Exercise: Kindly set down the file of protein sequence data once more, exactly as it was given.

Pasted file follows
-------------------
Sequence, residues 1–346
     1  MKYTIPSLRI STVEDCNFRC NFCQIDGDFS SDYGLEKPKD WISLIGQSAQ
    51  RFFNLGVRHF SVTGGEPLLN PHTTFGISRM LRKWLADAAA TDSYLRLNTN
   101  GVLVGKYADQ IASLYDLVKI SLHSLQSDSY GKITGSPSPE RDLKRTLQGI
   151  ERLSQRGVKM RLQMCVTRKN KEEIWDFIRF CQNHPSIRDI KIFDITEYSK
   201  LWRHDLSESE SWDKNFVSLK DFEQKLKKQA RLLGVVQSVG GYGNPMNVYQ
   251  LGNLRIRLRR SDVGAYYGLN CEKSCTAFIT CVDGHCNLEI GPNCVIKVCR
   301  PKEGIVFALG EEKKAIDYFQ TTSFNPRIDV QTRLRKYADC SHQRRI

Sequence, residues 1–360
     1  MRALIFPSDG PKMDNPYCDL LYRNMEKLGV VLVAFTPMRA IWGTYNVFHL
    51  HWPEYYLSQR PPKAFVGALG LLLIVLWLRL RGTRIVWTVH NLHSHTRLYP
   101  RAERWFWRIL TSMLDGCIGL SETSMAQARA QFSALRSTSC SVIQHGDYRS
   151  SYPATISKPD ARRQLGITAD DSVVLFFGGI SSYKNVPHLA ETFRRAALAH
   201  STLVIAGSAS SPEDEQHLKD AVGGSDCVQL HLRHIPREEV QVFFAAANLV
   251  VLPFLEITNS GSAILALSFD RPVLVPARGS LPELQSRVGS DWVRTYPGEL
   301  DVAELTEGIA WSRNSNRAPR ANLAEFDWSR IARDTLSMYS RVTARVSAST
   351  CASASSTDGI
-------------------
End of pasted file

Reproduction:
Sequence, residues 1–346
     1  MKYTIPSLRI STVEDCNFRC NFCQIDGDFS SDYGLEKPKD WISLIGQSAQ
    51  RFFNLGVRHF SVTGGEPLLN PHTTFGISRM LRKWLADAAA TDSYLRLNTN
   101  GVLVGKYADQ IASLYDLVKI SLHSLQSDSY GKITGSPSPE RDLKRTLQGI
   151  ERLSQRGVKM RLQMCVTRKN KEEIWDFIRF CQNHPSIRDI KIFDITEYSK
   201  LWRHDLSESE SWDKNFVSLK DFEQKLKKQA RLLGVVQSVG GYGNPMNVYQ
   251  LGNLRIRLRR SDVGAYYGLN CEKSCTAFIT CVDGHCNLEI GPNCVIKVCR
   301  PKEGIVFALG EEKKAIDYFQ TTSFNPRIDV QTRLRKYADC SHQRRI

Sequence, residues 1–360
     1  MRALIFPSDG PKMDNPYCDL LYRNMEKLGV VLVAFTPMRA IWGTYNVFHL
    51  HWPEYYLSQR PPKAFVGALG LLLIVLWLRL RGTRIVWTVH NLHSHTRLYP
   101  RAERWFWRIL TSMLDGCIGL SETSMAQARA QFSALRSTSC SVIQHGDYRS
   151  SYPATISKPD ARRQLGITAD DSVVLFFGGI SSYKNVPHLA ETFRRAALAH
   201  STLVIAGSAS SPEDEQHLKD AVGGSDCVQL HLRHIPREEV QVFFAAANLV
   251  VLPFLEITNS GSAILALSFD RPVLVPARGS LPELQSRVGS DWVRTYPGEL
   301  DVAELTEGIA WSRNSNRAPR ANLAEFDWSR IARDTLSMYS RVTARVSAST
   351  CASASSTDGI